Microsoft – the first company to impose an internal carbon fee – has released a "Carbon Fee Playbook" to help other businesses do the same based on its experiences.
The company is modeling how a carbon tax would work were it ever to be adopted by the US. Other businesses, nonprofits and government agencies might well want to do the same, as a way of pushing this all-important climate change remedy forward.
The Playbook details how Microsoft created and implemented its carbon fee and how it is successfully driving environmental awareness across the company, making sustainability an increasingly important part of how it does business.
"We now have a common language for how to drive awareness around [the environment] and begin to reduce emissions," says Microsoft in its Green Blog.
"Microsoft’s model is based purely on consumption – there’s nothing complicated to manage, no credits to track or trade. This simplicity is what makes the model so tranferable. It can be adapted easily to fit other corporations, nonprofit groups and government agencies," says Mindy Lubber, CEO of Ceres. "The basid formula is universal – carbon emissions multiplied by carbon price equals carbon fee. It’s simply a matter of tweaking the model to fit an organization’s structure, financial processes and individual goals."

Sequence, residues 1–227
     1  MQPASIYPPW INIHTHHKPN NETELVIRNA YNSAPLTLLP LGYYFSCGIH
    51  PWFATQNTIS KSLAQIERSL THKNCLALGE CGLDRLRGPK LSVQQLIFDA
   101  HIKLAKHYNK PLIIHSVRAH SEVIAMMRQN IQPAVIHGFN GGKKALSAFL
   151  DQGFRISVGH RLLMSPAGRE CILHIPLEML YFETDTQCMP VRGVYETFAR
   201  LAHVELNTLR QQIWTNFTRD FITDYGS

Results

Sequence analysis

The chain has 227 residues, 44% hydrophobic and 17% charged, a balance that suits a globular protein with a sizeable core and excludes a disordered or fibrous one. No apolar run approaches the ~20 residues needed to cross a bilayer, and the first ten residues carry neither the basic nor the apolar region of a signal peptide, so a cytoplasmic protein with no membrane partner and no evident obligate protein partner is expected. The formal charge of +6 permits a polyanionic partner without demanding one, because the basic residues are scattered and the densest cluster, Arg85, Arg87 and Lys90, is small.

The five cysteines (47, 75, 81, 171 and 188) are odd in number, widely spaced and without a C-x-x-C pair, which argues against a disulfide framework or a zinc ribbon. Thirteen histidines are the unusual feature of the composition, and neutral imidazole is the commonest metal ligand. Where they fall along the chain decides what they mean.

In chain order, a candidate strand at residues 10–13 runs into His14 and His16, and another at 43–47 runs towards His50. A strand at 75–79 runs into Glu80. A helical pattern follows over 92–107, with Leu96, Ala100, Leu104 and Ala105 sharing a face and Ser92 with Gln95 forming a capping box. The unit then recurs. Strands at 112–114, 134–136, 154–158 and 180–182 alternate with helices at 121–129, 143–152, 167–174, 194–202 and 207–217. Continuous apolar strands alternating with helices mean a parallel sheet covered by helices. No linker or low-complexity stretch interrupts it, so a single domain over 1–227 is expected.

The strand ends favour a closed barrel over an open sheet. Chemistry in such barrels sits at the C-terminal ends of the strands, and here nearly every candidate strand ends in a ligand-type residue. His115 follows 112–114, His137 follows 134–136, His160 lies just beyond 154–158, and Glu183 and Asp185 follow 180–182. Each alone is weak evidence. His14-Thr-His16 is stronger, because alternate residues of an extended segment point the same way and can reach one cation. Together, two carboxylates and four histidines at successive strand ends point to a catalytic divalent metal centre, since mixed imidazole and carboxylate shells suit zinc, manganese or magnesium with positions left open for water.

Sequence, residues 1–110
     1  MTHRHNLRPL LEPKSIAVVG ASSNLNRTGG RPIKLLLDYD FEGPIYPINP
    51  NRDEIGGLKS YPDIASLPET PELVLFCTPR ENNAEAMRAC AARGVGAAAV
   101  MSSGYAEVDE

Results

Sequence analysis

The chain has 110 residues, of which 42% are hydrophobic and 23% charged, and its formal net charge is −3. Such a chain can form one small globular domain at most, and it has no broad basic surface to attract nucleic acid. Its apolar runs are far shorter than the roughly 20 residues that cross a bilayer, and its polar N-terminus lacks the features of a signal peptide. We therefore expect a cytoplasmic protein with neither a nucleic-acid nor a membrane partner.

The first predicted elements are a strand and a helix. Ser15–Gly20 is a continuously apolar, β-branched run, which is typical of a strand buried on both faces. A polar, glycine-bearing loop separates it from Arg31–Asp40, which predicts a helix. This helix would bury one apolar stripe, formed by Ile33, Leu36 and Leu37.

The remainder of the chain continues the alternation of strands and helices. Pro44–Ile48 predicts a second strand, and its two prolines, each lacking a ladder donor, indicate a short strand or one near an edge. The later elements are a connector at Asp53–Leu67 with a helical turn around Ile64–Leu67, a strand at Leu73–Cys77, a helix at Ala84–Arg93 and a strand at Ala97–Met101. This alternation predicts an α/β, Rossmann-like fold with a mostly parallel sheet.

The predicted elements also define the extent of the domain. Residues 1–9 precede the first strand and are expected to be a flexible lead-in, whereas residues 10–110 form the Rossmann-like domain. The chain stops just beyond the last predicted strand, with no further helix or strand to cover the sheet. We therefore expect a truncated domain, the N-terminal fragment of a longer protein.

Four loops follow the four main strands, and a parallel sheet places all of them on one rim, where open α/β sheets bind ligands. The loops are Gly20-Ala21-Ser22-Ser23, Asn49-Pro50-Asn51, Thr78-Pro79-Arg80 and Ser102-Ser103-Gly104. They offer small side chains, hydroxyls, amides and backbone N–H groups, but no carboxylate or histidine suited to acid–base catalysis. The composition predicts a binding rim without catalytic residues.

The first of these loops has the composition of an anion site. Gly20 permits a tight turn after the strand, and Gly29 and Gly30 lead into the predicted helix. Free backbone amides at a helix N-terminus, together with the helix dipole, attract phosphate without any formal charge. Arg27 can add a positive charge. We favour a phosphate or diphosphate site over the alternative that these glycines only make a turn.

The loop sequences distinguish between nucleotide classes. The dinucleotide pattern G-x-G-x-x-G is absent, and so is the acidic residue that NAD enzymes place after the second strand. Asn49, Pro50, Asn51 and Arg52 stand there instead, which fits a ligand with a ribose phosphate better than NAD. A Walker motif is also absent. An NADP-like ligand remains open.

1. Calculate your carbon impact
2. Establish a carbon reduction policy and investment strategy
3. Determine the internal carbon price
4. Gain approval and establish governance and
Administer the fee, communicate results, and evolve to increase impact
carbon fee makes environmental impact a line item in the business group
managers’ budgets across our organization based on the levels of resource
consumption associated with generating carbon emissions. By doing so, the fee
helps educate the business groups on carbon emissions and elevate efficiency
and innovation within our business. By using a model in which groups are
charged a fee based on their actual total usage (rather than putting a cap on
usage or applying the fee to usage exceeding a pre-determined level), we keep
the model simple to administer and make the cost of emissions overt," Microsoft explains in the Carbon Fee Playbook.
Last month, Microsoft made its first major renewable energy purchase using funds generated from its carbon fee – it bought the entire output of a Texas wind farm to power a nearby data center.
Last week, CDP released a eye-opening report revealing that at least 29 major US corporations include a price on carbon as part of future financial projections, but Microsoft is the only company that has already deployed this internally to reduce emissions now.
Download the Carbon Fee Playbook: